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Bear’s Den – So That You Might Hear Me Review

Bear’s Den – So That You Might Hear Me Review

If you were to draw a big Venn diagram featuring Biffy Clyro, Coldplay and Nick Mulvey, smack in the middle of the converging rings you’d find Bear’s Den. That might sound quite exciting, but unfortunately the same would also be true if your circles contained beige wallpaper, porridge and a mandolin. What do I mean? Honey, this album is boring.

How do you suck the excitement out of the sonic ingredients that went into ‘So That You Might Hear Me’? Folky melodies, big synths, Bon Iver harmonies, strident electrics, valley-sized drums. These things should add up to an album that boots you into the musical stratosphere, there to glide among the misty mountaintops in solipsistic bliss.

The reality, however, is that the whole thing passes by in an indeterminate haze. Nothing of interest coalesces out of the shifting shapes. The music sweeps by and leaves not a single trace, arpeggios and exclamations and all.

The tunes make a big show of baring their teeth, but it’s a yawn, not a roar. Take ‘Laurel Wreath’ as an example. A lighter-waving power ballad, its structure is promising – what festival crowd doesn’t love a good sway?

And yet, and yet… The guitar mumbles to itself deep down in the mix, as threatening as a minnow, the synths insert themselves apologetically, oh we really loved Stranger Things but the fans might not dig it, the vocals exist, fascinating and performant as a suburban semi, the drums considerately refuse to offend the neighbours, and then after all that we’ve run out of places to look or listen. Like a TransPennine Express service, one damp, grey whoosh and it’s gone.

The trumpet on ‘Crow’ is to Miles Davis as Ed Sheeran is to Bob Dylan. The jaunty beat of ‘Conversations With Ghosts’ is smothered below layers of magnolia bass. Even the forays into electronica on‘Evangeline’ and ‘Fuel On The Fire’ are reeled back in by blander-than-thou piano chords. The overwhelming impression here is of a deep desire to be inoffensive. Perhaps it’s a fluffed shot at introspection or atmospherics, but if so the bullet goes so far wide that even a shrug feels like too much effort in response.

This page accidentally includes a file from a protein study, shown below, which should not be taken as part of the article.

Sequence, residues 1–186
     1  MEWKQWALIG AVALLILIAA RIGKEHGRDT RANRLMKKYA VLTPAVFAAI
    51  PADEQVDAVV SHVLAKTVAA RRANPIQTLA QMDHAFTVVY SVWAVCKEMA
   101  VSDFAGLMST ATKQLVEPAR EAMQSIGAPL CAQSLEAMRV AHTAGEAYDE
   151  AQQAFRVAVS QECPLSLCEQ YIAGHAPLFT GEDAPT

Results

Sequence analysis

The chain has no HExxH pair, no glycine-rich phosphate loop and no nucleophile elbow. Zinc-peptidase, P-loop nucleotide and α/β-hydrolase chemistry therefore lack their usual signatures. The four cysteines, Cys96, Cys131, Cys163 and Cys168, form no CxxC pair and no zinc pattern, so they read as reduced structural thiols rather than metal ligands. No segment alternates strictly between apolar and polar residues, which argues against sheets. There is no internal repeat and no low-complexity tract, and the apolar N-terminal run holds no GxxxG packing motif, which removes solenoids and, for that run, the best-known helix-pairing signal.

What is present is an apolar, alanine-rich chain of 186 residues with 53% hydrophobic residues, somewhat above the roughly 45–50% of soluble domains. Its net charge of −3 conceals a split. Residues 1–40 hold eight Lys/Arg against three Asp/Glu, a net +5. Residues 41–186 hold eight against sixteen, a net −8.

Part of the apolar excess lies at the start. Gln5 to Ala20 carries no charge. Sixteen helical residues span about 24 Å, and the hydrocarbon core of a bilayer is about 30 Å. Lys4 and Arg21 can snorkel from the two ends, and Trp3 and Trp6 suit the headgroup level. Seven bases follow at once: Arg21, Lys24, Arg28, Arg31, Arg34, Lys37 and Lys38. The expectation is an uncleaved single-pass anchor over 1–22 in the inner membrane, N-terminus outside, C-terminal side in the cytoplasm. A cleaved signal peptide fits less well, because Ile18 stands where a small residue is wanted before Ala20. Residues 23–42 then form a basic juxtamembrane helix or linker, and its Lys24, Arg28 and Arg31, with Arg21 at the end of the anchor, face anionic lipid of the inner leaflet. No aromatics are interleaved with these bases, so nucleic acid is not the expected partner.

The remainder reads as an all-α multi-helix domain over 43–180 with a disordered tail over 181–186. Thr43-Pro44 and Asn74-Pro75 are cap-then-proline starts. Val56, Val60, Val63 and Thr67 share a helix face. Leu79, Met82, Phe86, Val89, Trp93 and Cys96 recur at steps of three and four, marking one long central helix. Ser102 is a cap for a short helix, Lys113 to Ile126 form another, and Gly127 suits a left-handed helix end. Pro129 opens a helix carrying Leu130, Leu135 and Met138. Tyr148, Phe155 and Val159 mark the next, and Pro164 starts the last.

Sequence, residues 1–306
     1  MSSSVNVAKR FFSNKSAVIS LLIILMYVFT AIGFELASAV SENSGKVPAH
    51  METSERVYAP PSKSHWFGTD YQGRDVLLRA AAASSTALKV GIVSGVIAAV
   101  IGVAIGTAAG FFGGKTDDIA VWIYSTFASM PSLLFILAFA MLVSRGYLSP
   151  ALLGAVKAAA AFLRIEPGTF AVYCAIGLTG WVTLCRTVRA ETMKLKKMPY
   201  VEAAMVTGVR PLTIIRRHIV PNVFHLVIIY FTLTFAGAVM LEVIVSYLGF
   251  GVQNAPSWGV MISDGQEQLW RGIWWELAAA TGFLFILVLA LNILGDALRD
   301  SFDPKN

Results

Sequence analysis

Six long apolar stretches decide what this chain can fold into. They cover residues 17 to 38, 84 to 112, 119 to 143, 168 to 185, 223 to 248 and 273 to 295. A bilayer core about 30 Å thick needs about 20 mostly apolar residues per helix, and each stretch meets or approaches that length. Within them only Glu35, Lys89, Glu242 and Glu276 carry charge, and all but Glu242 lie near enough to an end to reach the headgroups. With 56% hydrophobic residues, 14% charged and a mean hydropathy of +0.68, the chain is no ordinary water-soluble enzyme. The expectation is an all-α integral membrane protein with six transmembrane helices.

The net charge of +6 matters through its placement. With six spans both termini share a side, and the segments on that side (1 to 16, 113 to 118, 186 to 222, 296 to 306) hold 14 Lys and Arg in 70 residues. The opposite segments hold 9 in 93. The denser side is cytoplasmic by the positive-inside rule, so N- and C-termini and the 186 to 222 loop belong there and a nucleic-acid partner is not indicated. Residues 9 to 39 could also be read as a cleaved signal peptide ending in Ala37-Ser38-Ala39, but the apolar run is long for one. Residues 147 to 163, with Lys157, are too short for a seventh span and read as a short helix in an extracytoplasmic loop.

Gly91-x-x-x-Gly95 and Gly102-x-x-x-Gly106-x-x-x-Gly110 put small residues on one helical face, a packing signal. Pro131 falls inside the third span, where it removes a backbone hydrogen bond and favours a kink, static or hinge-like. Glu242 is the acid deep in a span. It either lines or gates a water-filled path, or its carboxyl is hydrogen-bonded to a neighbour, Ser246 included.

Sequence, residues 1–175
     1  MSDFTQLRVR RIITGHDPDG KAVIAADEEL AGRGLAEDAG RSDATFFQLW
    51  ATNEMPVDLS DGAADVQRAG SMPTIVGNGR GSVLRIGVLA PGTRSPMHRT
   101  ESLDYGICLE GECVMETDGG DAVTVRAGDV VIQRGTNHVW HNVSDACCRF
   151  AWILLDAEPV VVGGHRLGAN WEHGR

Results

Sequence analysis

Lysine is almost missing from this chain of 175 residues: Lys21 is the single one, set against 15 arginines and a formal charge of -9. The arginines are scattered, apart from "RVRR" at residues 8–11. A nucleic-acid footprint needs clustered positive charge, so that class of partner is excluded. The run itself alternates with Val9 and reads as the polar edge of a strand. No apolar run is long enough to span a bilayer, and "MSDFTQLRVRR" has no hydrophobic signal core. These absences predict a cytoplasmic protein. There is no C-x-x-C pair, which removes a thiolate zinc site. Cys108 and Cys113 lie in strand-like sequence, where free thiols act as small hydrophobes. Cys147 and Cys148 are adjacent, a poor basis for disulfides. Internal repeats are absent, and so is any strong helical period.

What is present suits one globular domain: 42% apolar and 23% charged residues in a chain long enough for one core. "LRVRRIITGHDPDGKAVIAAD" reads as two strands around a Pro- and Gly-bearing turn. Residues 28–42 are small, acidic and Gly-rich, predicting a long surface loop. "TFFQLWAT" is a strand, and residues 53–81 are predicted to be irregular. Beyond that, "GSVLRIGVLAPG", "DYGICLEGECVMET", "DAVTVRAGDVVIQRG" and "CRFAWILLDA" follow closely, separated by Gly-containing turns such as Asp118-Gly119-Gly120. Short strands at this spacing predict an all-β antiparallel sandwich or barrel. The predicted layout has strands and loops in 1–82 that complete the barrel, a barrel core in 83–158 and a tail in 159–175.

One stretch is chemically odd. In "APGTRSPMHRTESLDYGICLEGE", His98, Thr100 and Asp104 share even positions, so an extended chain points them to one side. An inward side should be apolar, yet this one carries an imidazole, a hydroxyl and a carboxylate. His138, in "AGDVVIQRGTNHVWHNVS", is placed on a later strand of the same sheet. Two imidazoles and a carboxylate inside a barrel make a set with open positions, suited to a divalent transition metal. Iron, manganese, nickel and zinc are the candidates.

It’s not that it’s bad. That would suggest incompetence or laziness. Bear’s Den clearly know how to play their instruments, and there’s plenty of studio wizardry pasting over the cracks. The songs themselves are fairly inventive, the lyrics have personality, the melodies are companionable if not memorable. No, it’s not bad – but it is crushingly, desperately bland. I’ve been writing about it for several hours now, and I still can’t remember any of the tunes.

If you like it, more power to you, but let me tell you: if this tickles your fancy, boy are you going to get a kick when you hear what else is out there. Music can sparkle so much more than this.


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